He periodically scares the daylights out of his two partners, but they haven’t the collective presence of mind to take him out. Fats Finney (Dick Miller), eats junk food relentlessly and leaves a paper trail for agents to follow all the way to Kentucky.
Mad Dog should have been laid to rest in a hail of machine gun fire in a measure of instant justice, but rather, he is simply led quietly away in the end by Eliot Ness, leaving Winchell to describe the sort of ending viewers surely would liked to have seen. They were beginning to tune in in record numbers for just that sort of thing. It makes little sense to dream up violence when history has already recorded it.
Although Coll’s name is mentioned at least once more during the series, he never actually returns in the flesh to strike fear in the hearts of more civilized gangsters. Of interest is the reference made by Fats Finney concerning an item in Winchell’s column in a New York newspaper. The real Walter Winchell, of course.
NESS: (to Dutch Schultz) I’m not an expert on horses. Just dogs.
• This episode alludes to numerous historical figures and circumstances, namely that Mad Dog did indeed kidnap fellow gangsters for ransom, harbored a toxicity toward most people, and the scene where pulls a gun on a kid could likely be inspired by a mob hit that claimed the life of a nearby child. Culager’s characterization also hints at an unspecified mental illness and paranoia in later scenes.
• The horse racing subplot seems disconnected given that there was no historical relationship between Schultz, Coll and the Derby. If a horse was assassinated during a race, does Coll really think the result of the race would be valid?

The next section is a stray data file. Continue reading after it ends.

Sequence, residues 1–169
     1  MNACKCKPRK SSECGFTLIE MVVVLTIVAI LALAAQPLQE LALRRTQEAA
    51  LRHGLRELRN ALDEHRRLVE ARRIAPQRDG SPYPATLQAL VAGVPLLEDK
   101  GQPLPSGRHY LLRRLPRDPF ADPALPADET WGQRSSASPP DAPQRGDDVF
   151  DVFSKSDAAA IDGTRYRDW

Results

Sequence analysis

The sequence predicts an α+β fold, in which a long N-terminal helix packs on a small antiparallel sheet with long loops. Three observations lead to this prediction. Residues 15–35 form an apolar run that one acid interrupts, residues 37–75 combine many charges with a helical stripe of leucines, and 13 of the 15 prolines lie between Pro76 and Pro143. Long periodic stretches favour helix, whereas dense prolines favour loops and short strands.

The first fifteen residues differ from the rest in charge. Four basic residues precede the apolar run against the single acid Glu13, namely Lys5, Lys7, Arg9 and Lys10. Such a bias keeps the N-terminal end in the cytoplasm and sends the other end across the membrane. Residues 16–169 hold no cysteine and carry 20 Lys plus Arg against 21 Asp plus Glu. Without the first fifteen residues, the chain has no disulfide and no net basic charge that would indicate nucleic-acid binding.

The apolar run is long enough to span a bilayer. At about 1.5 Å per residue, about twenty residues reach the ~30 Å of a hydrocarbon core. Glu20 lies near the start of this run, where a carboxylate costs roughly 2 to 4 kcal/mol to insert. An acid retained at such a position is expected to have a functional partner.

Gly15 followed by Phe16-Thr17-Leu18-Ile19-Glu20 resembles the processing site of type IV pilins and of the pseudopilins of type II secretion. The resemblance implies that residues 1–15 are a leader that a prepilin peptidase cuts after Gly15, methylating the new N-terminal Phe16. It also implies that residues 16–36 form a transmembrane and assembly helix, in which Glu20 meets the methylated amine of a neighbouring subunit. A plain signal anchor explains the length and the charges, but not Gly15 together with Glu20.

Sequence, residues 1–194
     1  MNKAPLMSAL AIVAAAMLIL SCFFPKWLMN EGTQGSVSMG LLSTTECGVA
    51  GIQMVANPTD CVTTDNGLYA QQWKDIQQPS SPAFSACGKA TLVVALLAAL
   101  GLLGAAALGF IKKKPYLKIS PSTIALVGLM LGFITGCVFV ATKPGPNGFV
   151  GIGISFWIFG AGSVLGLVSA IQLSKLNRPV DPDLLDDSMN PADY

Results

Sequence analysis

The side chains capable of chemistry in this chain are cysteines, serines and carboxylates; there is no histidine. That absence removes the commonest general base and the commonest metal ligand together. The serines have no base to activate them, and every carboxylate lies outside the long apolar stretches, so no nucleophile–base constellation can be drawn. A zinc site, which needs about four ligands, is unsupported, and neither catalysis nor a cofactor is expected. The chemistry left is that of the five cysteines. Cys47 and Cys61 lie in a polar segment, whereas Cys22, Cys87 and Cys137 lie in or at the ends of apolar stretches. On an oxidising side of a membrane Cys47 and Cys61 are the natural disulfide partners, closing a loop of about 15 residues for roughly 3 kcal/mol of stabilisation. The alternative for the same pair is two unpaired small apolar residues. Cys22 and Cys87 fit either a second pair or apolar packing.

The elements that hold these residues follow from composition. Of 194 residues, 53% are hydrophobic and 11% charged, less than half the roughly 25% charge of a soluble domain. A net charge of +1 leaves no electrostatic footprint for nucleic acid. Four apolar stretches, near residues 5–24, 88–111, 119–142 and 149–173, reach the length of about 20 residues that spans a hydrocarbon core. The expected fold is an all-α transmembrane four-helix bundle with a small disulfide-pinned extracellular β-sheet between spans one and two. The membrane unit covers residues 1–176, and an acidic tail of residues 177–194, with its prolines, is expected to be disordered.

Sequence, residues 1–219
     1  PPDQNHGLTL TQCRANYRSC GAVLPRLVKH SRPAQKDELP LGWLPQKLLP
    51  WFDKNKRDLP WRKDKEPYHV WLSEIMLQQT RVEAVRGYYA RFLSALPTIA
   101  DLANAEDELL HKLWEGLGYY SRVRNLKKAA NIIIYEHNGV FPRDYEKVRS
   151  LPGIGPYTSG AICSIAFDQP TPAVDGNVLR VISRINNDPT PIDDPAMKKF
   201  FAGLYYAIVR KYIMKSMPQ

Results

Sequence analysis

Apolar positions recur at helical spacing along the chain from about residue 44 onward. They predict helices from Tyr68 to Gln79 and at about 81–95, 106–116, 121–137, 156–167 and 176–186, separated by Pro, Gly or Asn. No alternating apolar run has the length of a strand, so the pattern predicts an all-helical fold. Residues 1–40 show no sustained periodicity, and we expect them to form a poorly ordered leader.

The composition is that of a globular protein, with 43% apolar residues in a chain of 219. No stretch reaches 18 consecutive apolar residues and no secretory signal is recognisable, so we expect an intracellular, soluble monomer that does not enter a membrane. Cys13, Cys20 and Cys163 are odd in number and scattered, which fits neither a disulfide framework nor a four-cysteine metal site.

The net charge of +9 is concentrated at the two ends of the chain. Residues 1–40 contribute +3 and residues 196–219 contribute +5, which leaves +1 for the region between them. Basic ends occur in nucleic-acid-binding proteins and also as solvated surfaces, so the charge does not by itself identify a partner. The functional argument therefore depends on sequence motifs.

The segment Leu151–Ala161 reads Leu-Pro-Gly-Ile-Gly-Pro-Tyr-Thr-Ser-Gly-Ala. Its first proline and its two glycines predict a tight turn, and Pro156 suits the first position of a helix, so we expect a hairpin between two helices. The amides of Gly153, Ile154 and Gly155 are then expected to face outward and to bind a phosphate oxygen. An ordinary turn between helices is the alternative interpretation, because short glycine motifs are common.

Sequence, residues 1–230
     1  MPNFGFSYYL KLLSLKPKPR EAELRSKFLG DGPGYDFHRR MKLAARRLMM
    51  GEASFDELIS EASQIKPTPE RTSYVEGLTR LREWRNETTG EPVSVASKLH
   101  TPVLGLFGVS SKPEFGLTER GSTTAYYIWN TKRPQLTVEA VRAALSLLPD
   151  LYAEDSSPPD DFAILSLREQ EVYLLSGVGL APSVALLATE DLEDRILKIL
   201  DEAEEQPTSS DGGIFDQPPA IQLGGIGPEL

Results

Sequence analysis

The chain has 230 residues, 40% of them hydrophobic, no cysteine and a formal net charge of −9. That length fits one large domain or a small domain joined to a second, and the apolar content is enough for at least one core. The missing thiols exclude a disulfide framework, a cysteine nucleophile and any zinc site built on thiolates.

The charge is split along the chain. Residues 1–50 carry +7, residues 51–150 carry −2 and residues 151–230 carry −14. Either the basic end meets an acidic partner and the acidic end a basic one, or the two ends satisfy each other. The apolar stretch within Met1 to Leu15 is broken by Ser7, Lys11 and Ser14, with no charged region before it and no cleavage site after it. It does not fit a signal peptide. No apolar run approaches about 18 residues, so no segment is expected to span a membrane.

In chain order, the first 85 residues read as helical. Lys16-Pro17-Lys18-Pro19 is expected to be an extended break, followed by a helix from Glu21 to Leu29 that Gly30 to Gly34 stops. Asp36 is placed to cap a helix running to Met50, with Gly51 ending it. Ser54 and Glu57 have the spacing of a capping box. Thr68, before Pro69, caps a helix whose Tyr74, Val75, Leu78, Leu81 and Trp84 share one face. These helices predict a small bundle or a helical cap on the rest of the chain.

• Ness mentions building an income tax case against Schultz – an attempt that would be expounded on four episodes later in the The Dutch Schultz Story.
• Youngfellow gets an extraordinary amount of screen time with Ness in this episode.
• While Ness visits Kentucky in pursuit of Coll, the real Eliot Ness worked to clean up moonshiners and bootleggers in Cincinnati and Kentucky after leaving Chicago behind.
The real Vincent “Mad Dog” Coll was a ruthless, scary little maniac who apparently earned his nickname in 1931 after a child was killed during a drive by shooting. A product of impoverished Ireland, Coll’s immigrant family led a nevertheless impoverished existence in the Bronx, laying the groundwork for Coll’s tendency toward violent outbursts and uncontrollable behavior.
Coll worked for the real Dutch Schultz for several years as his enforcer and moonlighted as a kidnapper of gangsters for extra dough. Coll and Schlutz parted ways over Coll’s degrading behavior and increasing paranoia, setting the scene for this particular episode. Coll would evade subsequent mob hits throughout the years until he was pinned to the inside of a telephone booth by a gentleman with machine gun in a drugstore called London Chemist’s in 1932. At that point, Coll had attracted the disdain of Lucky Luciano, who ordered the hit, thereby adding to the cast of characters who all likely preferred him dead.